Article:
King Charles' Snub to "Disgraced" Prince Andrew Was "No Coincidence at All," Claims Royal Expert
It was a major blow to his younger brother.
This week King Charles celebrated a landmark birthday: His first as the King. Instead of throwing a lavish party and inviting his entire family to commemorate his 74th trip around the sun, he spent it attempting to put through a new piece of legislation. But not any old piece of legislature.
The monarch continued his push to alter the current laws surrounding the Counsellors of State position, hoping to widen the pool from which he can choose someone to step in on official business if he is unavailable. And experts say this was a major snub to his "disgraced" brother Prince Andrew. Keep reading to learn more—and to explore secrets of the Royal Family, don't miss these Biggest Royal Romance Scandals of All Time.
Per Richard Fitzwilliams, King Charles spent his special day kickstarting a "seriously necessary change" to make sure his younger brother, the Duke of York, will not return to public life anytime soon. Under the current legislature, Prince Andrew is on the short list of people who would fill in for the King in case he isn't available.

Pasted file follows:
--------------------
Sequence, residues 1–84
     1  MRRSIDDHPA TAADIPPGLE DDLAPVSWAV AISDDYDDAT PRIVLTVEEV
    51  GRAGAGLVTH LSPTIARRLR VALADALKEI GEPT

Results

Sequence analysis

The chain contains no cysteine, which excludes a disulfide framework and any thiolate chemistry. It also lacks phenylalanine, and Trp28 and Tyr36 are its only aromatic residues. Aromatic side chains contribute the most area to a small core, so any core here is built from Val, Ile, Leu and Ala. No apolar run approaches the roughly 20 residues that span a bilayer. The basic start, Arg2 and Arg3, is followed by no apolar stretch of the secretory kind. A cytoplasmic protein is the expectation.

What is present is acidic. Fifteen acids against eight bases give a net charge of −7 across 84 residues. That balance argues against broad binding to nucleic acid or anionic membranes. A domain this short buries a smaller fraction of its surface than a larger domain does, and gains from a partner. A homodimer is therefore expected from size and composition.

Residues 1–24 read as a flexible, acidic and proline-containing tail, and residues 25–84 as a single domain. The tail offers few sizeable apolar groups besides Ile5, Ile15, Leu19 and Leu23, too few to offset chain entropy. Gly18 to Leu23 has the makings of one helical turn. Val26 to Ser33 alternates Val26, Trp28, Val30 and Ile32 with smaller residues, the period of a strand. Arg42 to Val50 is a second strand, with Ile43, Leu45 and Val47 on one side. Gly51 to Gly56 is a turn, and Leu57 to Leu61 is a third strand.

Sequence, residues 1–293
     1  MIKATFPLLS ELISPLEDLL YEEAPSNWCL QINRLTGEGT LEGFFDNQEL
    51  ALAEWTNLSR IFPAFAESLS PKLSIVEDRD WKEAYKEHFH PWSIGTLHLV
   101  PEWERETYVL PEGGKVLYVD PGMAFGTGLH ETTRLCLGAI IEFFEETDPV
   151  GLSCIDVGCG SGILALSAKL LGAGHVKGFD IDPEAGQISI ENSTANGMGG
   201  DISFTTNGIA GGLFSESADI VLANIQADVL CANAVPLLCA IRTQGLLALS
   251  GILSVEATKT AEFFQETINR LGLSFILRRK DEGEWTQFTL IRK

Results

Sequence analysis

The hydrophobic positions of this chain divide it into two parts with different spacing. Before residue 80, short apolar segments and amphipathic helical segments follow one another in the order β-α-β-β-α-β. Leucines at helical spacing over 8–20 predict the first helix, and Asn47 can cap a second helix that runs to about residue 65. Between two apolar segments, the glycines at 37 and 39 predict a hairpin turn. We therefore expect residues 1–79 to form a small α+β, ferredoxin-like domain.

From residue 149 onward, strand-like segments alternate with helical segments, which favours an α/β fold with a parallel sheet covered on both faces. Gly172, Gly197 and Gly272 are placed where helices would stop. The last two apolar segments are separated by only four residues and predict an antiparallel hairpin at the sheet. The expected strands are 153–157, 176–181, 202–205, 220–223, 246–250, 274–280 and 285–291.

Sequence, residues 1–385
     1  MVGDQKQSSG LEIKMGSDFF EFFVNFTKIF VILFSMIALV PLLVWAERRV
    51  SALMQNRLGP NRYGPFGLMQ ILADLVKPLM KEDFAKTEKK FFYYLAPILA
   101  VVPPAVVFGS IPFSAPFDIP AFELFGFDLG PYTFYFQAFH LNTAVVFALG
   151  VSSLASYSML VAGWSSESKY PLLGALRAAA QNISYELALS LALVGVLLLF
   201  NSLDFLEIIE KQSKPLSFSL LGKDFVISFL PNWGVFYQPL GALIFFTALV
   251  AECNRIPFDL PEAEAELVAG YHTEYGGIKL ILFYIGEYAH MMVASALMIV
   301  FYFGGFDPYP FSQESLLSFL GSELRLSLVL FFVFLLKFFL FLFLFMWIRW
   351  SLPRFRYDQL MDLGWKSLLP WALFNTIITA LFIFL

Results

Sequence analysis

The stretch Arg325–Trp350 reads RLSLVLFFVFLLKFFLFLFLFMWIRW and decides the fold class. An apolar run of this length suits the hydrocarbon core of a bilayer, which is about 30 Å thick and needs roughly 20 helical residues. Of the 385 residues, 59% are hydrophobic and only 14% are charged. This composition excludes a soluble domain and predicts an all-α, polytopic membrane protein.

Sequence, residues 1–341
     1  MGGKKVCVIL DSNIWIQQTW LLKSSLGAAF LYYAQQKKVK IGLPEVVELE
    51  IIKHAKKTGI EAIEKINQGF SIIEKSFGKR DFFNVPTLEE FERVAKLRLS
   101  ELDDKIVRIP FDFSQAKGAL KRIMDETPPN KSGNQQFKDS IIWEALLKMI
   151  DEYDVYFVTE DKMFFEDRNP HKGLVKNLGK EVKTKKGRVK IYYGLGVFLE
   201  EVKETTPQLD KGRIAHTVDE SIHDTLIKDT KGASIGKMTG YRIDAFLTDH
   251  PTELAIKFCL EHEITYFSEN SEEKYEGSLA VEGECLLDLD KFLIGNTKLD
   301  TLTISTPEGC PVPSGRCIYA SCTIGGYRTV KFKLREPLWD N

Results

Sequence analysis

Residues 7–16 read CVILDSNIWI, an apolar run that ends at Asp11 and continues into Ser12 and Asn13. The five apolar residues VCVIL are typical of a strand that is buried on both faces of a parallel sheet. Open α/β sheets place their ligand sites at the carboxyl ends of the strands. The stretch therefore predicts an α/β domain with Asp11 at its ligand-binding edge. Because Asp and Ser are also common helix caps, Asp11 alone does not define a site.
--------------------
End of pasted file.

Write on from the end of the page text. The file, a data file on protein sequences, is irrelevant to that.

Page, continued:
On his birthday, he revealed that he would be "most content" to widen the Counsellors of State pool to include his youngest brother, Prince Edward, and sister, Princess Royale Anne. This way, it would eliminate the need for Prince Andrew or his son, Prince Harry, also not a working member of the Royal Family, to step in.
"This is a very good example of King Charles making an extremely sensible necessary decision, very early in his reign and the fact it's announced on his birthday is no accident," Fitzwilliams told the Mirror. "The news breaking on his birthday says it all."
"Since Andrew is in disgrace and that is most unlikely to change, the situation had been perilous," Fitzwilliams continued. "Public opinion is solidly against Andrew and there is absolutely no chance according to all reports. The king is absolute on the issue and so is Prince William. That is that."
The statement read: "To ensure continued efficiency of public business when I'm unavailable, such as while I'm undertaking official duties overseas, I confirm that I would be most content should Parliament see fit for the number of people who may be called upon to act as counsellors of State under the terms of the Regency acts 1937 to 1963 to be increased to include my sister and brother, the Princess Royal, and the Earl of Wessex and Forfar. Both of whom have previously undertaken this role."